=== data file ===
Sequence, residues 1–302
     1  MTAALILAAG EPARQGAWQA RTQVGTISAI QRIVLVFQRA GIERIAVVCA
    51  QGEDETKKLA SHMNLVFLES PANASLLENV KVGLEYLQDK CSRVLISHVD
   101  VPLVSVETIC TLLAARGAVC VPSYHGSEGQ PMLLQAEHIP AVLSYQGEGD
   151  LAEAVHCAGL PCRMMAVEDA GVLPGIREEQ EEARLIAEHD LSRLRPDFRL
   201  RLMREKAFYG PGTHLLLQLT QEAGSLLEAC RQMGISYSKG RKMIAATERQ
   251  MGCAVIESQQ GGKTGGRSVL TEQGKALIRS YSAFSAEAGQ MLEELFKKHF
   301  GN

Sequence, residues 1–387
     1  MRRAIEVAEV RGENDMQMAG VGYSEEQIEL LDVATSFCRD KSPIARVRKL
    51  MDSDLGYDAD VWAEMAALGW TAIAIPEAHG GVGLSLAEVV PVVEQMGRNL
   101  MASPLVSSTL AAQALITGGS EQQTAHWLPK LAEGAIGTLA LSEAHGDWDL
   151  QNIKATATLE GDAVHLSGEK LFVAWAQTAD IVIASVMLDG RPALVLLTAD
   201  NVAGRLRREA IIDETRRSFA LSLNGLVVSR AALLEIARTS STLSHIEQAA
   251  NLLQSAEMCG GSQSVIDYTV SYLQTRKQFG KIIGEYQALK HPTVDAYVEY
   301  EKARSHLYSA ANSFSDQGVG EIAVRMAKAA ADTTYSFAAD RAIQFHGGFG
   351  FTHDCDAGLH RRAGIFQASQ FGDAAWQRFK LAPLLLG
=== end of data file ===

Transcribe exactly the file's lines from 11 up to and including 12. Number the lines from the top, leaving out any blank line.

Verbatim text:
    51  MDSDLGYDAD VWAEMAALGW TAIAIPEAHG GVGLSLAEVV PVVEQMGRNL
   101  MASPLVSSTL AAQALITGGS EQQTAHWLPK LAEGAIGTLA LSEAHGDWDL